A game was created to analyze the subject’s head rotation during the process of localizing a sound in a 360-degree sphere in a VR gameplay. In this game the subjects are asked to locate a series of sounds that are randomly placed in a sphere around their heads using generalized HRTFs. The only instruction given to the subjects is that they need to locate the sounds as fast and accurate as possible by looking at where the sound was and then pressing a trigger. To test this tool 16 subjects were used. It showed that the average time that it took the subjects to locate the sound was 3.7±1.8 seconds. The average error in accuracy was 15.4 degrees. The average time that it took the subjects to start moving their head was 0.2 seconds approximately. The average rotation speed achieved its maximum value at 0.8 seconds and the average speed at this point was approximately 102 degrees per second.
Convention Paper 9893 (Purchase now)
P16-5 Relevance of Headphone Characteristics in Binaural Listening Experiments: A Case Study—Florian Völk, Technische Universität München - Munich, Germany; WindAcoustics - Windach, Germany; Jörg Encke, Technical University of Munich - Munich, Germany; Jasmin Kreh, Technical University of Munich - Munich, Germany; Werner Hemmert, Technical University of Munich - Munich, Germany
Listening experiments typically target performance and capabilities of the auditory system. Another common application scenario is the perceptual validation of algorithms and technical systems. In both cases, systems other than the device or subject under test must not affect the results in an uncontrolled manner. Binaural listening experiments require that two signals with predefined amplitude or phase differences stimulate the left and right ear, respectively. Headphone playback is a common method for presenting the signals. This study quantifies potential headphone-induced interaural differences by physical measurements on selected circum-aural headphones and by comparison to psychoacoustic data. The results indicate that perceptually relevant effects may occur, in binaural listening experiments, traditional binaural headphone listening, and virtual acoustics rendering such as binaural synthesis.
Convention Paper 9894 (Purchase now)
P16-6 Evaluating Binaural Reproduction Systems from Behavioral Patterns in a Virtual Reality—A Case Study with Impaired Binaural Cues and Tracking Latency—Olli Rummukainen, International Audio Laboratories Erlangen - Erlangen, Germany; Fraunhofer IIS - Erlangen, Germany; Sebastian Schlecht, International Audio Laboratories - Erlangen, Germany; Axel Plinge, International Audio Laboratories Erlangen - Erlangen, Germany; Emanuël A. P. Habets, International Audio Laboratories Erlangen - Erlangen, Germany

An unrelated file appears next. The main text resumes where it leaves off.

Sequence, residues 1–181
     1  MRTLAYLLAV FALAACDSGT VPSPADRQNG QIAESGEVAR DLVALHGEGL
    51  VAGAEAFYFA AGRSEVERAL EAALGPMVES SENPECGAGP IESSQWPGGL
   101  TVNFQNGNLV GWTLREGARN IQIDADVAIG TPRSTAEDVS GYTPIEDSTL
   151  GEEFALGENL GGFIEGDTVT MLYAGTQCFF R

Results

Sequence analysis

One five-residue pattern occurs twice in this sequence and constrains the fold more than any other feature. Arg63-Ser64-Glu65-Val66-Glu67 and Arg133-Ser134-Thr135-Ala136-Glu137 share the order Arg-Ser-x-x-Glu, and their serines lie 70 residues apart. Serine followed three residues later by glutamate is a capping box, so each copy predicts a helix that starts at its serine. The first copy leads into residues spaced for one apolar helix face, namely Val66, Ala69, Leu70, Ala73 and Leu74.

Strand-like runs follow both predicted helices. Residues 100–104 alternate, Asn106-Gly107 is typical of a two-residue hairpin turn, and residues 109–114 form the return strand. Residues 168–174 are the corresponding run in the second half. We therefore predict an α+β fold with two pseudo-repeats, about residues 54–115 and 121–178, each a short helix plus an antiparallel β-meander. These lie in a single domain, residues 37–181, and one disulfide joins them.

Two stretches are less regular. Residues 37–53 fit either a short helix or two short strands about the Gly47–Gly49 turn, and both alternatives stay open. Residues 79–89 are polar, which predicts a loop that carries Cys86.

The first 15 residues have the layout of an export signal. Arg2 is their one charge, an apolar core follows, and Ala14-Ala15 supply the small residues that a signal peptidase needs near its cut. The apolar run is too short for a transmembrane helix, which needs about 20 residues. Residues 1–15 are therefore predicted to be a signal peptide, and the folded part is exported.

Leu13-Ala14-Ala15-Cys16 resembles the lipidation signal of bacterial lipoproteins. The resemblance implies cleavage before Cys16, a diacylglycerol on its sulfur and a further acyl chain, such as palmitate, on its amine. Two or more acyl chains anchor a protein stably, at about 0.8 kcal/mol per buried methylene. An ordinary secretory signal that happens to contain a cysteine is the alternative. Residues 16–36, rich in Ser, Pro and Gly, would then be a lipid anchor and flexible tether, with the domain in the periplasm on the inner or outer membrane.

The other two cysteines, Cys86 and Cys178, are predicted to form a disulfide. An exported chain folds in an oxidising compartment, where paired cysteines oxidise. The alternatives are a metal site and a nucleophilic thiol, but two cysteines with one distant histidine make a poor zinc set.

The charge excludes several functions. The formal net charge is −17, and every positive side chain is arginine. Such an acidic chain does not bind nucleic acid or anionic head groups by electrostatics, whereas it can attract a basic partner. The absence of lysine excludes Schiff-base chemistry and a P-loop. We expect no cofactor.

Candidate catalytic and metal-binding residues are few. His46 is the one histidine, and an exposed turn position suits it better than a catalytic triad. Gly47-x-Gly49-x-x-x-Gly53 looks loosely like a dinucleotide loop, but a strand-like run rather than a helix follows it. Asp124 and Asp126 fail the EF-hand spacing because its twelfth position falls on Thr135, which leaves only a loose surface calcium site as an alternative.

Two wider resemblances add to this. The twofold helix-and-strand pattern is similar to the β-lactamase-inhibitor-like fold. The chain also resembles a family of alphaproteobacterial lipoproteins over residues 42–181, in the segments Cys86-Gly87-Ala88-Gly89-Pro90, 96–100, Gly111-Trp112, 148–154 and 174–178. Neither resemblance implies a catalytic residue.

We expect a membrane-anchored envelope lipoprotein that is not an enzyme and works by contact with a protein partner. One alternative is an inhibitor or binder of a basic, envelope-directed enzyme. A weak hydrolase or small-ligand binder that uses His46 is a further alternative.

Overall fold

This paper proposes a method for evaluating real-time binaural reproduction systems by means of a wayfinding task in six degrees of freedom. Participants physically walk to sound objects in a virtual reality created by a head-mounted display and binaural audio. The method allows for comparative evaluation of different rendering and tracking systems. We show how the localization accuracy of spatial audio rendering is reflected by objective measures of the participants' behavior and task performance. As independent variables we add tracking latency or reduce the binaural cues. We provide a reference scenario with loudspeaker reproduction and an anchor scenario with monaural reproduction for comparison.
Convention Paper 9895 (Purchase now)
P16-7 Coding Strategies for Multichannel Wiener Filters in Binaural Hearing Aids—Roberto Gil-Pita, University of Alcalá - Alcalá de Henares, Madrid, Spain; Beatriz Lopez-Garrido, Servicio de Salud de Castilla la Mancha (SESCAM) - Castilla-Mancha, Spain; Manuel Rosa-Zurera, University of Alcalá - Alcalá de Henares, Madrid, Spain
Binaural hearing aids use sound spatial techniques to increase intelligibility, but the design of the algorithms for these devices presents strong constraints. To minimize power consumption and maximize battery life, the digital signal processors embedded in these devices have very low frequency clocks and low amount of available memory. In the binaural case the wireless communication between both hearing devices also increases the power consumption, making necessary the study of relationship between intelligibility improvement and required transmission bandwidth. In this sense, this paper proposes and compares several coding strategies in the implementation of binaural multichannel Wiener filters, with the aim of keeping minimal communication bandwidth and transmission power. The obtained results demonstrate the suitability of the proposed coding strategies.
Convention Paper 9896 (Purchase now)